House prices continue to rise in the UK, so much so that the ratio has risen to 8.8 times the average local salary. It’s a trend that won’t stop, and the implications for mortgage buyers are worrying.
Proportionally Larger Deposits
Firstly, the relative size of a deposit increases with the house price. The further that sum gets from your yearly income, the harder it will be to save for anything worthwhile: 5%, 10%, 15% becomes thousands more pounds than the previous generation. First time buyers will find themselves in a catch 22; they must save longer for their deposit, and in doing so spend more on rent. That can be frustrating for those who want to spend their money on tangible assets.
Longer Payment Period
Deposits are the short-term issue of this house/salary imbalance. Looking ahead, your mortgage will last longer, so naturally you’ll pay more overall interest than you would have in a short period. Again, this kind of snowball effect puts people in a rut. Savings you would otherwise spend on a pension, kids’ education, extensions or travel instead go towards the surplus costs of an inflated mortgage. That’s the kind of damage that ripples and affects more than one generation.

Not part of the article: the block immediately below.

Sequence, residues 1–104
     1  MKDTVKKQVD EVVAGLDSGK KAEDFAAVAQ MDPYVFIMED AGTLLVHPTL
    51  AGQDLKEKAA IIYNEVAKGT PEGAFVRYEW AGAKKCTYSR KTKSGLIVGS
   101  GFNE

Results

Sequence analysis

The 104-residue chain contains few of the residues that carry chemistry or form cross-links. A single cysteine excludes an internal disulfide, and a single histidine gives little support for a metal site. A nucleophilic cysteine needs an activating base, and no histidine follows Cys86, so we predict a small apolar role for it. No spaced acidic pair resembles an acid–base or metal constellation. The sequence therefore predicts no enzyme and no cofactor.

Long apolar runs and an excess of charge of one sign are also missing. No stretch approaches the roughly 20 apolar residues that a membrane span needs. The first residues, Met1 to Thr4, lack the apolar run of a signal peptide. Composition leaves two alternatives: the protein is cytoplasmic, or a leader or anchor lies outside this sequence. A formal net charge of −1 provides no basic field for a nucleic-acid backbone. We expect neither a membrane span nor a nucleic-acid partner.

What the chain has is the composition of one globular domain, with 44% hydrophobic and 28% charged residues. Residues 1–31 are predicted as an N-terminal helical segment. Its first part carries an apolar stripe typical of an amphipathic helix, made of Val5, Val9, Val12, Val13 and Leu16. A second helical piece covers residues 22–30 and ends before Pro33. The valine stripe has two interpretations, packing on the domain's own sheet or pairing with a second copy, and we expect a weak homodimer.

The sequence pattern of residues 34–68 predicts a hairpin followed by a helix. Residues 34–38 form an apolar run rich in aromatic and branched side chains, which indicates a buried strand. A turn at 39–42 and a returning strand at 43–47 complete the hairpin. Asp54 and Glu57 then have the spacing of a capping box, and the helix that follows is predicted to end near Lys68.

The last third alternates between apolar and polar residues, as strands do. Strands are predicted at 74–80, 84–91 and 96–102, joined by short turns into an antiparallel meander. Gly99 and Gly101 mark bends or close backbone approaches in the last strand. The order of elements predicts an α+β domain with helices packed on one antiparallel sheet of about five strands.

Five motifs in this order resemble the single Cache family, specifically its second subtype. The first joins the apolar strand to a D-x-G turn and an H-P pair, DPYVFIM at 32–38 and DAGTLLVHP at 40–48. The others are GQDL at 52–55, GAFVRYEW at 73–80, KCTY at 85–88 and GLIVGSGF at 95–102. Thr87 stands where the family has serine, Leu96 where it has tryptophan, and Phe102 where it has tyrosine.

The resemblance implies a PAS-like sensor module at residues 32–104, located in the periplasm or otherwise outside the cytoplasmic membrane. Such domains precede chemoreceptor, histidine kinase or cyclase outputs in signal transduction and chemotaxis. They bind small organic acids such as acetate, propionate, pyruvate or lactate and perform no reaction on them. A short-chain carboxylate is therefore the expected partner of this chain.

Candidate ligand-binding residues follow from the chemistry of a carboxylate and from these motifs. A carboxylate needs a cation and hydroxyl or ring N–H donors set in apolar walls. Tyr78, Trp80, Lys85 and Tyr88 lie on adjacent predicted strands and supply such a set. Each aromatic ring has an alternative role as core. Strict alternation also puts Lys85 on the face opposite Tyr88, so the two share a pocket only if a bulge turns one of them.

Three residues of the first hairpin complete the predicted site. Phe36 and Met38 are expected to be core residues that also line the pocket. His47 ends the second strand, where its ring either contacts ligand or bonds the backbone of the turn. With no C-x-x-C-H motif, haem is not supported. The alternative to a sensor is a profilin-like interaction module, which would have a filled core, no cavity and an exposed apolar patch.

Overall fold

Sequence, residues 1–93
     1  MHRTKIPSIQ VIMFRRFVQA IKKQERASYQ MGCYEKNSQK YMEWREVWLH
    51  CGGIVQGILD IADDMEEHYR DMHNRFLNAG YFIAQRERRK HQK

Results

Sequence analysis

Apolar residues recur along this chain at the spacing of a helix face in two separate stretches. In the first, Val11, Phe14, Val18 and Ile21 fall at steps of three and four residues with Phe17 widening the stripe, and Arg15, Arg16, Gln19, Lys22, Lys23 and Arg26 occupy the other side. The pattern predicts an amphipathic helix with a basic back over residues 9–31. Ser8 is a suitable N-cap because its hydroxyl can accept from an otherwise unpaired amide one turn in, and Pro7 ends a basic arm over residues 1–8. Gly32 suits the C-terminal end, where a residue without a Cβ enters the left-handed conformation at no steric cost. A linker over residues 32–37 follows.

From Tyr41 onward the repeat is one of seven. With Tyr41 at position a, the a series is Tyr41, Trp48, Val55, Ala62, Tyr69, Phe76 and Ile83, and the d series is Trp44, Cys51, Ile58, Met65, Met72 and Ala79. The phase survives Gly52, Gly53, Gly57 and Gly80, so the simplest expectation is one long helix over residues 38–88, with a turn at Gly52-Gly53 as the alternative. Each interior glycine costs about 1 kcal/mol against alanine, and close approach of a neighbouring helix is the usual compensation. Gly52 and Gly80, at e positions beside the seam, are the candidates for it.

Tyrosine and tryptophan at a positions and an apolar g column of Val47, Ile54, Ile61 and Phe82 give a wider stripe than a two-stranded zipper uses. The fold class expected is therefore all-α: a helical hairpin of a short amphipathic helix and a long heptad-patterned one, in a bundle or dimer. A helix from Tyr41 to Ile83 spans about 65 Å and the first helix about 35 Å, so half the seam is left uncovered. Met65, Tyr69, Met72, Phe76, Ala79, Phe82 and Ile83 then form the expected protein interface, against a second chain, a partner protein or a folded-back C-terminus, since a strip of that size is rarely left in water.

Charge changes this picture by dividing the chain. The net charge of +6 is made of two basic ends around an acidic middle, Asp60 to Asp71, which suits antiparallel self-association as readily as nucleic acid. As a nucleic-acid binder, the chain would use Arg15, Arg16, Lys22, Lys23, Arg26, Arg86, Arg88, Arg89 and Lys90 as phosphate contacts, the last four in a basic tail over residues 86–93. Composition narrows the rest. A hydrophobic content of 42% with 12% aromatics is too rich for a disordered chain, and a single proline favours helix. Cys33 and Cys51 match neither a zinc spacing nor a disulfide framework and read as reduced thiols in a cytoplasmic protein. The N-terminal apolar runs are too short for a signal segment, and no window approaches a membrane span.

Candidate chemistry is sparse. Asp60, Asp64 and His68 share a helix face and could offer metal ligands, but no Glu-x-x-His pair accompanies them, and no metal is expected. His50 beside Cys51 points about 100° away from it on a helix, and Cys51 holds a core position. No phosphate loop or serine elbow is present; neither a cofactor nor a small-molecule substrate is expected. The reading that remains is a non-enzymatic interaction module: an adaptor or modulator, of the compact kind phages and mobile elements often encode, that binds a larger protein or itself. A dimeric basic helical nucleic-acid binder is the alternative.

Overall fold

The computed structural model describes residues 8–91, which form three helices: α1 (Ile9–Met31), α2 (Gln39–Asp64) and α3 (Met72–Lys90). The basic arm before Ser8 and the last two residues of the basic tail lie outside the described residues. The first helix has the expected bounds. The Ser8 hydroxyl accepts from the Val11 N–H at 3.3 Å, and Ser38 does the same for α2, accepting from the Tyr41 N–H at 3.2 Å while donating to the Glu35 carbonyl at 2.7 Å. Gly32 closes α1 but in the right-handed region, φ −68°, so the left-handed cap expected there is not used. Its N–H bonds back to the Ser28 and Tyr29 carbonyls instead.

If mortgages are consistently in line with local salaries, then this wouldn’t be a problem. All of these stem from the fact that they’re growing at a pace that earnings cannot keep up with.
For regional comparison of the house/salary gap, check out this great article from The Guardian. Not only do they visualise the gap, they also provide background context on how that has happened since the financial crash.
Have you found this to be true? Let us know in the comments. It’s an interesting and relevant issue worthy of discussion.